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The representation and retention in the teaching profession is lower for people from all minority ethnic groups in England. The most significant ethnic disparities occur in the early career stages (Worth et al. 2022).
In this presentation, Dr Tereshchenko and Wiggins will share the findings of their research on PGCE students’ experiences of racial microaggressions while learning to teach and the implications for retention in the profession. Inter-racial encounters are prone to microaggressions defined as ‘subtle insults (verbal, non-verbal, and/or visual) directed toward people of color, often automatically or unconsciously’ (Solorzano et al. 2000).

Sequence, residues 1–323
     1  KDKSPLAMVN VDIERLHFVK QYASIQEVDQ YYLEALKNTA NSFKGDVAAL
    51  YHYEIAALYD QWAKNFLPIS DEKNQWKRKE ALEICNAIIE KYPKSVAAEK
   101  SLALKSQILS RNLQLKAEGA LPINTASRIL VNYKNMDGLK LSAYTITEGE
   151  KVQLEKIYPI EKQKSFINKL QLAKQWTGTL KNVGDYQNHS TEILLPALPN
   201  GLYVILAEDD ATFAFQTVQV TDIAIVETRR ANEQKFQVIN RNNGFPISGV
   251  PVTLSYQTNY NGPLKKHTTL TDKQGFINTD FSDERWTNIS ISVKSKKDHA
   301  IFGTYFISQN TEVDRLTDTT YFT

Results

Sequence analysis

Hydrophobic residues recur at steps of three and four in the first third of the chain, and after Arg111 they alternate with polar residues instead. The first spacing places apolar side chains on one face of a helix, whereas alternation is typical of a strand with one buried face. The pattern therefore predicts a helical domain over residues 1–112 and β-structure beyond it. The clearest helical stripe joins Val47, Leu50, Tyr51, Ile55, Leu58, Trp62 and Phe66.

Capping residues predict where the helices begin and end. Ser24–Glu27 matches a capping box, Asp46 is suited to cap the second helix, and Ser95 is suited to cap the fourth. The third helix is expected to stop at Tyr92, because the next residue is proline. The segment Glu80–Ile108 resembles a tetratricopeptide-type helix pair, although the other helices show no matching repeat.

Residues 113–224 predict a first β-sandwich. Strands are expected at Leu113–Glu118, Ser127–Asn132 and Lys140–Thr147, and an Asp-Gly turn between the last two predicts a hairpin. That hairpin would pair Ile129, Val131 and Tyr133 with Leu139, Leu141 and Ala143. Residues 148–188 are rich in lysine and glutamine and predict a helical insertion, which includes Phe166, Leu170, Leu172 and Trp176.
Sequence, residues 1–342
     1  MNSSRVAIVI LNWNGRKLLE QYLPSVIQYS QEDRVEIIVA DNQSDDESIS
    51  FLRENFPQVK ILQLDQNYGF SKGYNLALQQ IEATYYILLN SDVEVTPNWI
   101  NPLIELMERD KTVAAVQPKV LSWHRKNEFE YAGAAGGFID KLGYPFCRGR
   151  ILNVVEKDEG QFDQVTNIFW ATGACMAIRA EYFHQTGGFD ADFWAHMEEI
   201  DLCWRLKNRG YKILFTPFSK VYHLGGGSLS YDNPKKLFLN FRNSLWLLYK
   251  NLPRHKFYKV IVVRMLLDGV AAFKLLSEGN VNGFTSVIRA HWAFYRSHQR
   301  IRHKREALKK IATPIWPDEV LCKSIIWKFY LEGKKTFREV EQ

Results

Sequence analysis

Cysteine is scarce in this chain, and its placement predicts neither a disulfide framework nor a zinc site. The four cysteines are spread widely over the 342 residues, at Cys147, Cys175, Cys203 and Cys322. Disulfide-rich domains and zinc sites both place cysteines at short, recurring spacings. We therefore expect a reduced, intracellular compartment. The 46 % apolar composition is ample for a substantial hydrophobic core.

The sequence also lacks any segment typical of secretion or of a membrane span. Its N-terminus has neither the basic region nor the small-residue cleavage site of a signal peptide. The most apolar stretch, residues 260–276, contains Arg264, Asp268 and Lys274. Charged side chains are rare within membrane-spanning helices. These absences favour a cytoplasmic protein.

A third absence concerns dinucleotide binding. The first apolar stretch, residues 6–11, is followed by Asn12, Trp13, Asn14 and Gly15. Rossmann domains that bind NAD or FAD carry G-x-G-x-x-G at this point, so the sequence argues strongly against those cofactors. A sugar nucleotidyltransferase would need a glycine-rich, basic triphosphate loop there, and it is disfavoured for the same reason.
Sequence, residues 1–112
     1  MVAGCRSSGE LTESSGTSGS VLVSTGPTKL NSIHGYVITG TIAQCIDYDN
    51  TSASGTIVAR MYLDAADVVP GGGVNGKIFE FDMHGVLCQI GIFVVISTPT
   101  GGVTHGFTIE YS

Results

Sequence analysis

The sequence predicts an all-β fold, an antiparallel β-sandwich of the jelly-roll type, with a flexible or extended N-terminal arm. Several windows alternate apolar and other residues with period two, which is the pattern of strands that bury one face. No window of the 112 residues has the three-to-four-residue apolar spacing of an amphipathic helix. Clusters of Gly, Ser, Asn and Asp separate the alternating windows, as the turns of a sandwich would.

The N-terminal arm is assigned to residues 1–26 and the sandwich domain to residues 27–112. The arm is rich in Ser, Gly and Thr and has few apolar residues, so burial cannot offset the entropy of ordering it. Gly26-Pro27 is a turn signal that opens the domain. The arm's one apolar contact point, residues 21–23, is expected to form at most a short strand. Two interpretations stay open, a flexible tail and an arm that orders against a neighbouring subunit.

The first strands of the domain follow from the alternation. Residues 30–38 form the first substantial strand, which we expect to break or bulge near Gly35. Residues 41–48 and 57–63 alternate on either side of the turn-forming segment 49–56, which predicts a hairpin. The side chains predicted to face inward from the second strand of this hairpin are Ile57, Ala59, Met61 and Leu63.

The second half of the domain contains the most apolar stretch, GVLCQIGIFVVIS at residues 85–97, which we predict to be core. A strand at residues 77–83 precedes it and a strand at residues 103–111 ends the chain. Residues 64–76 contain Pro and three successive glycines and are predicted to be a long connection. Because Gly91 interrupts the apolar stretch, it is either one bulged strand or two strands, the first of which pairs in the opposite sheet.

This presentation uses interview and survey data from school placements, as well as university elements of the programme, to illustrate how microaggressive experiences impair minority ethnic student teachers’ thoughts on viability in the teaching profession.
This research was funded by the Centre for Teachers and Teaching Research at UCL, and involved a wider team of colleagues at UCL and Brunel University.
Dr Antonina Tereshchenko is Lecturer in Education on the MA Education at Brunel University London. Previously, she was a Senior Research Fellow at the Centre for Teachers and Teaching Research at UCL Institute of Education.
Alison Wiggins is Subject Leader for both PGCE Social Sciences and PGCE Psychology at UCL, the race and inclusion lead on the Secondary PGCE programme, as well as a tutor on the MA Education.
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